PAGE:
Advances in acceleration: the superconducting way

25 October 2011

Hasan Padamsee surveys developments in a key technology.


In a seminal paper published in June 1961 A P Banford and G H Stafford described how a future superconducting proton linear accelerator could run continuously, instead of at the 1% duty cycle of the 50 MeV proton accelerator that was operating at the time at the Rutherford High Energy Laboratory in the UK. The basic argument was that, because ohmic losses in the accelerating cavity walls increase as the square of the accelerating voltage, copper cavities become uneconomical when the demand for high continuous-wave (CW) voltage grows with particle energy. It is here that superconductivity comes to the rescue.

The RF surface resistance of a superconductor is five orders of magnitude less than that of copper. The quality factor (Q0) of a superconducting resonator is typically in the billions (i.e., a billion oscillations before the resonator energy dissipates). After accounting for the refrigerator power needed, the net gain in the overall cooling power remains a factor of several hundred. It became clear that the higher-voltage, shorter superconducting structures can also reduce the disruptive effect that accelerating cavities have on the beam, resulting in better beam quality, higher maximum current and less beam halo (less activation). By virtue of low losses in the walls, a superconducting RF (SRF) cavity design can also afford a large beam aperture, which further reduces beam disruption and beam halo.

It took nearly 40 years for the early dream of that high duty-factor, high-intensity proton linear accelerator to be fulfilled. Today, the Spallation Neutron Source (SNS) at Oak Ridge National Laboratory runs at 6% duty cycle with 88 m of superconducting cavities providing 1 MW of beam power with a 1 GeV, 10 mA beam. The success of the SNS has stimulated the construction of the European Spallation Source (ESS), with 5 MW of beam power, to be completed in 2016.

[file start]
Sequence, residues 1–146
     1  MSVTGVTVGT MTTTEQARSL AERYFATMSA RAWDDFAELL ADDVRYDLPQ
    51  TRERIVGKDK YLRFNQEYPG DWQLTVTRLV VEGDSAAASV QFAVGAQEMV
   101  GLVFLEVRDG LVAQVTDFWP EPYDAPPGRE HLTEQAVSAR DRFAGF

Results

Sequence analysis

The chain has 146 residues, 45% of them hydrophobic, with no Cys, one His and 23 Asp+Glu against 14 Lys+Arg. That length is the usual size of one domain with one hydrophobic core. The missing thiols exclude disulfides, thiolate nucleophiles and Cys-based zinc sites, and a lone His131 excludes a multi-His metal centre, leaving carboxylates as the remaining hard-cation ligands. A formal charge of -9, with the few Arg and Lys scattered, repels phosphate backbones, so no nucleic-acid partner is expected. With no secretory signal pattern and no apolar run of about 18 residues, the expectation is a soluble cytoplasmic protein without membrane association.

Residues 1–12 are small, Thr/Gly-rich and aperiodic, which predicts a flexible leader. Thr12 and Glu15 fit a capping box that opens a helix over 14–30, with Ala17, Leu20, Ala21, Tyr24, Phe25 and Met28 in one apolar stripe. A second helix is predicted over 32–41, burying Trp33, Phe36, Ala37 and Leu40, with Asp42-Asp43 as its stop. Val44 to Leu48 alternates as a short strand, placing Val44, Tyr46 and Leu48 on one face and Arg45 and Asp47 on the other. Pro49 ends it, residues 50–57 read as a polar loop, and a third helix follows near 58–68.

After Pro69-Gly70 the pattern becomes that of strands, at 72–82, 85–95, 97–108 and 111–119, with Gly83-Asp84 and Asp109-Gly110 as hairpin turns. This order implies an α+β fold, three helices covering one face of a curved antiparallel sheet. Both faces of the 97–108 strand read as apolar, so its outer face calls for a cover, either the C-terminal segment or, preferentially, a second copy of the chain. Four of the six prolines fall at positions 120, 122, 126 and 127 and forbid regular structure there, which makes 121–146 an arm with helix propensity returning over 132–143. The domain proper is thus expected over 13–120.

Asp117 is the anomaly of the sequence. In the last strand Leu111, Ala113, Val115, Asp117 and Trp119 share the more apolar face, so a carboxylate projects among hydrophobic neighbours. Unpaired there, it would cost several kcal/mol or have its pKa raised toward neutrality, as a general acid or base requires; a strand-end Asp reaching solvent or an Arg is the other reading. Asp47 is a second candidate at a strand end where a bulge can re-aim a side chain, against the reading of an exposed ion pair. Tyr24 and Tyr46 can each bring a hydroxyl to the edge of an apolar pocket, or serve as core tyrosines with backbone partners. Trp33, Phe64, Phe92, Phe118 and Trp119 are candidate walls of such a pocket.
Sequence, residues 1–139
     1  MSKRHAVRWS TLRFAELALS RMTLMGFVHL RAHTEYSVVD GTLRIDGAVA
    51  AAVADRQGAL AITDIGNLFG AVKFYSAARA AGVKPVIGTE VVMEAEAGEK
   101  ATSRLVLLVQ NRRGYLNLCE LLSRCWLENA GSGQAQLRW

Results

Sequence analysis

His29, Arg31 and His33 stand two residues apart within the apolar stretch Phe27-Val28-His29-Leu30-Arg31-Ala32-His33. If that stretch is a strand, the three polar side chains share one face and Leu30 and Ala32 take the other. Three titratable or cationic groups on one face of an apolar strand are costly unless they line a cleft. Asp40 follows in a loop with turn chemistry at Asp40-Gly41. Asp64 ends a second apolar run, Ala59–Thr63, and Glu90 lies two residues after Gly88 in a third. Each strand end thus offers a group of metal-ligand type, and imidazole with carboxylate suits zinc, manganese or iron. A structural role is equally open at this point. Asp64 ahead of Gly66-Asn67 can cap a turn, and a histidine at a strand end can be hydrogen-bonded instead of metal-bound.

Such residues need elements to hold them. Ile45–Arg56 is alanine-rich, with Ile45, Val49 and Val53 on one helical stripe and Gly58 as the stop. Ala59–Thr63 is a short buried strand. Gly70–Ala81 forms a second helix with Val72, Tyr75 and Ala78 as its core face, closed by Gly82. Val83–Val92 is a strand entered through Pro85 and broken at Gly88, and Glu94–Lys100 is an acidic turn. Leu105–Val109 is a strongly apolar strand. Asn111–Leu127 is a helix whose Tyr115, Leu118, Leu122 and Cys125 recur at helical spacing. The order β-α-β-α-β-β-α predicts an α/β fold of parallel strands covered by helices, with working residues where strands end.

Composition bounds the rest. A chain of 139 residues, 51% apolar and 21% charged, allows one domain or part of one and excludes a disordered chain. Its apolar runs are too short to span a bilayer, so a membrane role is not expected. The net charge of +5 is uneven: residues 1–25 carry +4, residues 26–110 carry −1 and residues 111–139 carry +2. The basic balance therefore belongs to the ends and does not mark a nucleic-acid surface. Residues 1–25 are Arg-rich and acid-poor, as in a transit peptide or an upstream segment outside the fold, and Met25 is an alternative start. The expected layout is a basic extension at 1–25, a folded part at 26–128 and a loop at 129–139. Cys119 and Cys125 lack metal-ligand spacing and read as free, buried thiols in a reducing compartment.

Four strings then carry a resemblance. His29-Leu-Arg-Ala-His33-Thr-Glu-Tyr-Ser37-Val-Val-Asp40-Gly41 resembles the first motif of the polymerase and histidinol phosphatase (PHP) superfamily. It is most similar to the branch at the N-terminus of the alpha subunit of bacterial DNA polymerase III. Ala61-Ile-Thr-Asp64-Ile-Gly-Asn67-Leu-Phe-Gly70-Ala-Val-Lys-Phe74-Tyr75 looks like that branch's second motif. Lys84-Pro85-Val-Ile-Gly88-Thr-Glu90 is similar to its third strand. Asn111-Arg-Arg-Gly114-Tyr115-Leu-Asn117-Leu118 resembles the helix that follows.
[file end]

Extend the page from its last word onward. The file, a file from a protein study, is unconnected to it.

Pioneering work

In the early 1960s, Stanford University, under the leadership of William Fairbank, pioneered the development of superconducting cavities for electron accelerators. By 1968 they achieved a Q value of more than 1010 at 1.7 K for an 8.5 GHz TM010-mode single-cell pill-box resonator built of solid niobium. The first niobium cavity also demonstrated the exciting prospect of gradients of more than 30 MV/m.

However, with the more practical, lower frequency (1.3 GHz) accelerator structures that were built in the 1970s, the performance level fell to 2–4 MV/m. The primary roadblock was multipacting – the spontaneous resonant production of electrons. By the mid-1980s, the physics of multipacting was understood. It turned out that the limiting field-levels scale with the RF frequency, so the high-frequency cavities of the 1960s had been fortuitously exempt.